Mirage OM-7 loudspeaker Page 3

I was happily surprised when my favorite "visual" records were nicely rendered by the OM-7s. The horn and whip snaps (or whatever they are) during "The Ubiquitous Mr. Lovegrove" were placed where I've grown used to hearing them—behind and to the outside of the speaker positions—while the hand-drumming was pinpointed in the middle and mid-right. Little percussive tidbits—bells, blocks, things that go click and pop, as on "Bird on a Wire" from Jennifer Warnes' Famous Blue Raincoat—tended to localize well with most good-quality speakers, and did so with the OM-7s.

It was also interesting to note that the soundstage didn't change much with changes in my position in the listening seat—or even as I moved around the room. Some speakers cause shifts in focus or tonal balance even with slight head movements, but the Mirages were rock-steady.

Comparison with the Thiel CS.5s, imaging champs that they are, was instructive. The Thiels draw each instrument very precisely; through them, I hear a very vivid rendering of each contributor. With the OM-7s, instruments were equally well placed, but not outlined so exactly. But that wasn't all bad; the overall acoustic signature—the feel of the instruments and voices as part of an acoustic space—was quite convincing.

More complex material, such as "Tourist Point of View," from Duke Ellington's The Far East Suite: Special Mix (CD, Bluebird/RCA 66551-2), displayed this soft-focus effect as well. Contrasted with the Joseph Audio RM-7si monitors, the OM-7s, besides having more weight and authority, portrayed the orchestra as more of, well, an orchestra than as a group of individual instrumentalists. Oh, sure—with the Mirages I could pick out any player and identify approximately where he was; but with the plucky little RM-7si's, the level of detail was uncanny.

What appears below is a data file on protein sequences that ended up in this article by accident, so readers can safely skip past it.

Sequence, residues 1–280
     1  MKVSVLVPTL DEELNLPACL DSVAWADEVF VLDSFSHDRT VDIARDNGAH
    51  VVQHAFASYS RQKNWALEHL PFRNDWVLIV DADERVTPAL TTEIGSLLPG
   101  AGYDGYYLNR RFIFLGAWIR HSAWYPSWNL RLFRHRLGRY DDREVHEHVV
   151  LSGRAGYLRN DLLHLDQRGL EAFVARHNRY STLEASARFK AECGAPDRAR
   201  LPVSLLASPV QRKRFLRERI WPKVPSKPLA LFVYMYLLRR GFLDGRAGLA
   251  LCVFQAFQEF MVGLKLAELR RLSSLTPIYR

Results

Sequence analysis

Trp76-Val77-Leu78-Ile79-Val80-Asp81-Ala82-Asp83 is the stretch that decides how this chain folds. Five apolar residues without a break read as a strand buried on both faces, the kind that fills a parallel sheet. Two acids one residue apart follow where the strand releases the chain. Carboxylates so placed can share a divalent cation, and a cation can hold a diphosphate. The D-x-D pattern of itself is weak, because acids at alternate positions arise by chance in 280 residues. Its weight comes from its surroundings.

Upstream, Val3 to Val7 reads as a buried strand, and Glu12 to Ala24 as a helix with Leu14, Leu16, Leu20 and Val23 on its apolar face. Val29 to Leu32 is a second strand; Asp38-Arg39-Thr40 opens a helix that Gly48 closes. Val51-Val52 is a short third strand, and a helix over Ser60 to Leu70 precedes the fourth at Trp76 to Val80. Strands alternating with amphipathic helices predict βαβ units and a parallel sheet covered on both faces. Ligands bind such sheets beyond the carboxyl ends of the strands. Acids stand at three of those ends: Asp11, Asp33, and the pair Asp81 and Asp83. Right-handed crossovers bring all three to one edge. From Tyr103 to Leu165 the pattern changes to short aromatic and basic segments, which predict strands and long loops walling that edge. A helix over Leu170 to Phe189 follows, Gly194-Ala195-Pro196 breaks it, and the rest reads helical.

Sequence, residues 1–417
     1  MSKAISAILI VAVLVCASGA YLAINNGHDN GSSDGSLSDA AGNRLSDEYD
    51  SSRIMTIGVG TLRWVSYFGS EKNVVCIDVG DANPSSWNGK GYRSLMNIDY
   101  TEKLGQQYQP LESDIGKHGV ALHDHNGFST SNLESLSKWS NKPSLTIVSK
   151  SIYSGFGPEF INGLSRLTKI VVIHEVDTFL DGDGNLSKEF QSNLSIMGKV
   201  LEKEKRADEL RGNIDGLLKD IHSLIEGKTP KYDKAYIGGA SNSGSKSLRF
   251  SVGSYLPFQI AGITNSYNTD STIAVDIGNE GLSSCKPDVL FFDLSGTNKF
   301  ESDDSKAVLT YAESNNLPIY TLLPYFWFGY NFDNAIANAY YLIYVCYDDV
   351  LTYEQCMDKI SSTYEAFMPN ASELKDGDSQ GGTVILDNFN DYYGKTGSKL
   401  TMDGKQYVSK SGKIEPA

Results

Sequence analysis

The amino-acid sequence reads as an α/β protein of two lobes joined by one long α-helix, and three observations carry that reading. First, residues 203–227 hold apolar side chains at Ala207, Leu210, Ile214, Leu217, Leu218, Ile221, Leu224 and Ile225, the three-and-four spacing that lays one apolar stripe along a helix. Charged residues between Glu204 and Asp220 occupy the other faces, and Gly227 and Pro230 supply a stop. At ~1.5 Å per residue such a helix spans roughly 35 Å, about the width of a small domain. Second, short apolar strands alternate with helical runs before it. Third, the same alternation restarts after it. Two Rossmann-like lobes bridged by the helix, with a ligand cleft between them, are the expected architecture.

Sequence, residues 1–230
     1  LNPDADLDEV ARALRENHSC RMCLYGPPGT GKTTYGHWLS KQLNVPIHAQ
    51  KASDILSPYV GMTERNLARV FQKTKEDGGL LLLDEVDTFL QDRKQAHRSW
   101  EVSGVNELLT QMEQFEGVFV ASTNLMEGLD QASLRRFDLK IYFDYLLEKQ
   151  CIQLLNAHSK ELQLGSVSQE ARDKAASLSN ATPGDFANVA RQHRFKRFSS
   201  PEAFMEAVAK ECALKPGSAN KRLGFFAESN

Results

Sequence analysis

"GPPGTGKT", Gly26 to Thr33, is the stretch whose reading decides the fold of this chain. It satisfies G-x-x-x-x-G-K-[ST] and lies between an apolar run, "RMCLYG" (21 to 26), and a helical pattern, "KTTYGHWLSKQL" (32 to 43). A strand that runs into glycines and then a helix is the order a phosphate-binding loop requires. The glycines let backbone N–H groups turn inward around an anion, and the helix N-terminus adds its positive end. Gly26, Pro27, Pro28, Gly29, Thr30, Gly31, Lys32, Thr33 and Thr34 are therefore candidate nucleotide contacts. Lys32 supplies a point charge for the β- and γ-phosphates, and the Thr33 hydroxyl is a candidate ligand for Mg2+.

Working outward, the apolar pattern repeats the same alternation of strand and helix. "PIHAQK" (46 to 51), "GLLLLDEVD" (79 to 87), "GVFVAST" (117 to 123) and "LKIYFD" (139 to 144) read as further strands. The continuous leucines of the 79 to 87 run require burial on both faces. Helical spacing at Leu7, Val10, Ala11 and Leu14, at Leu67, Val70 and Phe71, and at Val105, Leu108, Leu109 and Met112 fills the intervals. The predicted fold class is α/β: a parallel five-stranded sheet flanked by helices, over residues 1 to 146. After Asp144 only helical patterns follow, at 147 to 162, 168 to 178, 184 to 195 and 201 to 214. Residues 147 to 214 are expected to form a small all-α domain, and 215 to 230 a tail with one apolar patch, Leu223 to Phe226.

The somewhat more diffuse acoustic signature became more apparent as the volume level increased. Two recordings of manly men—Leonard Cohen smooth-talking his way through "Tower of Song," from I'm Your Man (CD, Columbia CK 44191); and the Crash Test Dummies' Brad Roberts' basso absurdo reading of "Superman's Song," from Best of Mountain Stage, Vol. Three (CD, Blue Plate Music BPM-003CD)—illustrated the effects of higher volume via the OM-7s. At moderate levels, the singers appeared as I've come to expect them: as well-focused central images. Raising the volume seemed to draw the accompanying acoustic space up around each singer, blurring where the men left off and the sidemen began. This didn't happen with the Thiels or the Joseph Audios.

Less subterranean vocals, such as Dan Hicks' and Maryanne Price's on "Crazy—'Cause He Is," from Hicks' It Happened One Bite (LP, Warner Bros. 3158), had a natural timbre, Hicks' laconic tenor contrasted nicely with Price's lively, higher-pitched style. The small acoustic ensemble framed the two singers well—a slightly-larger-than-intimate setting that seemed ideal fare for the OM-7s.